Judge Hiram Rountree


The man who had more to do with the establishment and early history of Hillsboro and Montgomery County was probably Judge Hiram Rountree. Because, of the important part he played from the time he settled here in 1820 until his death in 1873, at the age of 80, he was often referred to as "The Father of Montgomery County."


Mr. Rountree was a self-taught lawyer, a surveyor and a teacher of Latin and Greek.


He was a native of North Carolina and had been educated in Bowling Green, Ky, where he served as clerk of the court and a member of the village board before settling near Hillsboro.


He helped John Tillson, Jr. and others bring about the establishment of Montgomery County in 1821 and Hillsboro as the county seat in 1823. He served as the first county clerk, the first circuit clerk, as a justice of the peace before holding the office of county or probate judge for 16 years.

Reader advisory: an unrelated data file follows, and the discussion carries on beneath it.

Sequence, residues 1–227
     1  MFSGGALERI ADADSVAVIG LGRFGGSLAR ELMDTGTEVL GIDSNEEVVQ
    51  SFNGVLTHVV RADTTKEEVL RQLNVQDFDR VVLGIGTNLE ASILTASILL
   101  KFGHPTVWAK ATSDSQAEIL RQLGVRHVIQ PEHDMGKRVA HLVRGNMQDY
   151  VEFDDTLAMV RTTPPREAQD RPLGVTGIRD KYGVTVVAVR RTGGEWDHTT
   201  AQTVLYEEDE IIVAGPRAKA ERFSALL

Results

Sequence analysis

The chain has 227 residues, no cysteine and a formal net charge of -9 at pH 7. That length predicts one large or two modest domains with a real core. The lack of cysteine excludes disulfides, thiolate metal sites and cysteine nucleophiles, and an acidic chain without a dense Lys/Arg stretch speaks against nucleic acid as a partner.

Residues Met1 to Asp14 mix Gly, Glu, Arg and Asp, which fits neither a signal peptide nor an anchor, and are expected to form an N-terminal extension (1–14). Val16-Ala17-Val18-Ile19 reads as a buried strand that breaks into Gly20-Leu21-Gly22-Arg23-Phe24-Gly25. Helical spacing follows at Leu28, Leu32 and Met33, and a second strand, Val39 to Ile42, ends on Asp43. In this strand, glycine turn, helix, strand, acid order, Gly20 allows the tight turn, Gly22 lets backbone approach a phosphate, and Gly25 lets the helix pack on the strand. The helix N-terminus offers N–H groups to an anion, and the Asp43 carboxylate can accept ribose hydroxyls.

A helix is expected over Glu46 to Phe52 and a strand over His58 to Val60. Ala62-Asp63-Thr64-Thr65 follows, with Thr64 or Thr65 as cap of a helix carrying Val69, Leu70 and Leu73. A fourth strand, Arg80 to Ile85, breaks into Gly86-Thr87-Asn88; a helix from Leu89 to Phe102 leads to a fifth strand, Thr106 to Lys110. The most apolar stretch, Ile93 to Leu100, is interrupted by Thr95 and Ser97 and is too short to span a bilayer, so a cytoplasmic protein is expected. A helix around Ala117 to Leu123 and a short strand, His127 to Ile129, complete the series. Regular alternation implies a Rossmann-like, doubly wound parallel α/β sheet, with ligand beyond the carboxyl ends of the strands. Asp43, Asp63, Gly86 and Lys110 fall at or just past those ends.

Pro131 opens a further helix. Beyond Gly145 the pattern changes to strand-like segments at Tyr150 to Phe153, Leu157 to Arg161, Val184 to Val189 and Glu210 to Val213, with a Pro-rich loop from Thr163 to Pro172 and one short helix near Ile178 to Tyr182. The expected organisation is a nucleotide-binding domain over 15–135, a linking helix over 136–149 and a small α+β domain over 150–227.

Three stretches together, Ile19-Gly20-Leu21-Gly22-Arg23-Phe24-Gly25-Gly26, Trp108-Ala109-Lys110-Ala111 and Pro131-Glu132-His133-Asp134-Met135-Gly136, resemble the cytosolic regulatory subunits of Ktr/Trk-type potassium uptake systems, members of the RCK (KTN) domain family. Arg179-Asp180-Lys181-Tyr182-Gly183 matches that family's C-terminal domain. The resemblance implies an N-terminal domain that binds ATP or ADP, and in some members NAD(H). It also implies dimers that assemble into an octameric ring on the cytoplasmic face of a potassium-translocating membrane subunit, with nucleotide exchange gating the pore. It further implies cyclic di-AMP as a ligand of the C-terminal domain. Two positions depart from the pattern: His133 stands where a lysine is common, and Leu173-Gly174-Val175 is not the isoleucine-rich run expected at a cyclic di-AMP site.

He was responsible for building the first log schoolhouse and community meeting place here in 1825 and was one of the founders of the Methodist Church.


Mr. Rountree taught classes in Latin and Greek at different times and in 1830 and 1831 was one of a three-man team which surveyed and established the boundary line between Illinois and Wisconsin.


He was active in the founding of the Hillsboro Academy and was the second largest original stockholder. He served as an Academy trustee from the time it was established until 1865 when his son, Aaron H. Rountree, succeeded him on the board.

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Jeff Dunn

Vice President

Historical Society of

Montgomery County

Advisory Board

Illinois State

Historical Society